Reggie Mays Jr. was the one who first made a connection between the sign at the golf course and the mission of our Foundation.
As you drive toward the clubhouse of The Bridge in Bridgehampton, you pass a large art installation, a sign that reads “There Will Be No Miracles Here.” For Bob Rubin, the club’s owner and co-founder of our Foundation, the sign was a nod to the feeling of futility that golf inspires in many players. But Mays, the coordinator of our after school program, saw a message of hard work and perseverance.
“Everything good that’s going to happen with this program is going to happen through the hard work of our young men, and the people in this room, and the people you reach out to,” Mays said on Wednesday night to a crowd gathered at our Learning Center to celebrate the launch of a new charitable initiative.
In partnership with Betsy King’s Golf Fore Africa, our goal is to raise $45,000 to build wells for three villages in Zambia. King, a member of the World Golf Hall of Fame who won 34 tournaments and six major championships in a 28-year LPGA career, was in Harlem for Wednesday night’s launch party. She founded Golf Fore Africa in 2007 after a life-changing trip to Rwanda. The extreme poverty she saw there motivated her to form the charity, which works with the golf community to fund development projects in Africa. For the past two years, water projects have been the focus.
On Wednesday night, King talked about the obvious need for water for survival and hygiene, but also pointed out the psychological impact that comes with water security. Parents can take care of children. Children can go to school and begin to see a life beyond mere survival.
“Not only can you not live without water, but you can’t dream beyond yourself because you spend all of your time getting water,” King said. “It’s life-changing when water comes to a village.”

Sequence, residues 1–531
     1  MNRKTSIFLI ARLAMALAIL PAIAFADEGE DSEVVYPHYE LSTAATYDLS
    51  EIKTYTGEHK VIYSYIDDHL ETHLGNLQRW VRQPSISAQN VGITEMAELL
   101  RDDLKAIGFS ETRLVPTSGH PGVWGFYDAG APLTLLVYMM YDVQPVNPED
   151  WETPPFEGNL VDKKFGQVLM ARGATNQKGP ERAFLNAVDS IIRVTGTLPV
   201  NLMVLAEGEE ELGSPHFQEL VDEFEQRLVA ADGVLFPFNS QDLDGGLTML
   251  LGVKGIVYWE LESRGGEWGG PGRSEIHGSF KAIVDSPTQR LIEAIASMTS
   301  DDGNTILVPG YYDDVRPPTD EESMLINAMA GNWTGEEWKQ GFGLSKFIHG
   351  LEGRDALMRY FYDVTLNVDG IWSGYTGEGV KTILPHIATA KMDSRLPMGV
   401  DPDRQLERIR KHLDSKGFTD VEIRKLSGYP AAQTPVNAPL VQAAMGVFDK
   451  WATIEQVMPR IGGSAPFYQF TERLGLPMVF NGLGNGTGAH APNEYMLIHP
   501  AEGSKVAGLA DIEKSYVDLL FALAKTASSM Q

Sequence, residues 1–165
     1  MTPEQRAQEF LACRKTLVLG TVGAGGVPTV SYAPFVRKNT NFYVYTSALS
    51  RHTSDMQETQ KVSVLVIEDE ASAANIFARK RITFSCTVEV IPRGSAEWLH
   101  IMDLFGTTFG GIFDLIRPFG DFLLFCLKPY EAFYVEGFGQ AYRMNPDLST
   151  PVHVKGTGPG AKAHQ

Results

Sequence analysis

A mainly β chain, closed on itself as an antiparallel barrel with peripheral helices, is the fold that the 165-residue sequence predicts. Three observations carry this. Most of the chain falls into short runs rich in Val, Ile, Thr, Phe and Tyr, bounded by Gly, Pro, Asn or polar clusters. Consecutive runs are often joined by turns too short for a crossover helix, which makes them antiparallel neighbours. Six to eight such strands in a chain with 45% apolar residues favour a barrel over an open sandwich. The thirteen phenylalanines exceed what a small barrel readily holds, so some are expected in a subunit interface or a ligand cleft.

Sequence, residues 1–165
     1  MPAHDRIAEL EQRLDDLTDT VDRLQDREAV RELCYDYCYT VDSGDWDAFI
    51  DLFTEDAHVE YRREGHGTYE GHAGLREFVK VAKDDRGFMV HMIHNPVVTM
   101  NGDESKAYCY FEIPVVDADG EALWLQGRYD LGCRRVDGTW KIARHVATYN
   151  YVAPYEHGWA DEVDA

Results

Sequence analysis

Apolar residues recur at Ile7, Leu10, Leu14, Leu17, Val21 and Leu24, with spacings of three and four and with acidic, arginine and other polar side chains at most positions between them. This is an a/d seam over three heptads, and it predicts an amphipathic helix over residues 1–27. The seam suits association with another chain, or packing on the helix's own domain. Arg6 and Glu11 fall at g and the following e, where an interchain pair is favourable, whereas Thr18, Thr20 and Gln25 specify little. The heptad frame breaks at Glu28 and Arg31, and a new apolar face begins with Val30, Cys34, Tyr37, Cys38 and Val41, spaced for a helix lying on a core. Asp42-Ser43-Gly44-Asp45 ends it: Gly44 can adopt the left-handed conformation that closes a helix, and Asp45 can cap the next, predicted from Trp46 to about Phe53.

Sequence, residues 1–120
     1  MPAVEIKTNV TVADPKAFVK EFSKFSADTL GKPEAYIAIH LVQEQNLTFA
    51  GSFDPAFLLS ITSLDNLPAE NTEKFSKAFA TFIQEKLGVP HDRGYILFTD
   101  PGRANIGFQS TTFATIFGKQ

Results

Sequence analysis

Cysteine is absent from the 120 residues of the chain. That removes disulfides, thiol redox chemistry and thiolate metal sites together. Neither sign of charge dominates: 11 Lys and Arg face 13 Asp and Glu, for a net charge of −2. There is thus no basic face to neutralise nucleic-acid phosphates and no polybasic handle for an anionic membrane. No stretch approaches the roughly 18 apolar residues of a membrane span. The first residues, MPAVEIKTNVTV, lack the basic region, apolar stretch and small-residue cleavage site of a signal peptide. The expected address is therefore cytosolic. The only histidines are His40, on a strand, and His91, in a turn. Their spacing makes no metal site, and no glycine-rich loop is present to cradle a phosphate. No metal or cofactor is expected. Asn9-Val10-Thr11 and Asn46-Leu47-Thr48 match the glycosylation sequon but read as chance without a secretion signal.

King also spent time with our after school students on Tuesday, even offering a few golf tips, and she came away impressed. She spoke on Wednesday about her own success as a player, and the traits she saw in our young men that will serve them well in this project.
“I was an underdog who used perseverance to get the job done,” she said, pointing out that she played professionally for seven years before winning her first tournament. “We need patience and perseverance to address the global water crisis.”
The evening also featured two videos. In the first, our students explained the need for their water project, offered a primer on the science of water, and discussed water conservation efforts with Gregg Stanley, the superintendent at The Bridge. (Scroll down to watch this video.) In the second, produced by frequent Golf Fore Africa partner World Vision, we saw firsthand the difference a well can make in the lives of African villagers.
Three of our young men — Michael Alameda, Alejandro Martinez and Blake Wilson — also addressed the crowd in person, explaining the impact a donation could have. A gift of $50 can bring clean water to one person for life, $250 for a family, and $1,000, $5,000 or $15,000 for an entire village.
But this project is not only about philanthropy. In the course of our students’ research into the water crisis, they learned about tippy-taps, handwashing stations built from found materials that can have a dramatic impact on hygiene and disease prevention in developing countries. They recognized an engineering opportunity, which STEM Program Co-Leader Veeshan Narinesingh announced on Wednesday night. In the coming months, our students will work to design and build a mobile, collapsible tippy-tap.
Margo Weiss from the Columbia Water Center at Columbia University was also on hand to talk about her organization’s involvement in the project. Columbia students will be working with our young men as mentors, doing hands-on learning projects and organizing field trips.
This water project is a perfect fit for our Foundation because it ties into so much of what we do, and because it is a tangible way for our young men to make a difference.
“We’ve been talking about what it means to give back when you have almost nothing to give,” Mays said. “You don’t have a job or means to give financially, but you can use your mind and your hands and put your boots on the ground. That’s how our young men can give.”
We covered a lot on Wednesday night — the global water crisis, our plans for this water project, golf and water conservation, the science of water and engineering solutions — but it kept coming back to that sign at The Bridge.
“When we installed it, I was really just thinking about golf,” Rubin said. “But I’m happy to see that these young men have appropriated the phrase.”
You Can Help: To help us reach our goal of $45,000 to build three wells in Zambia, please visit our donation page.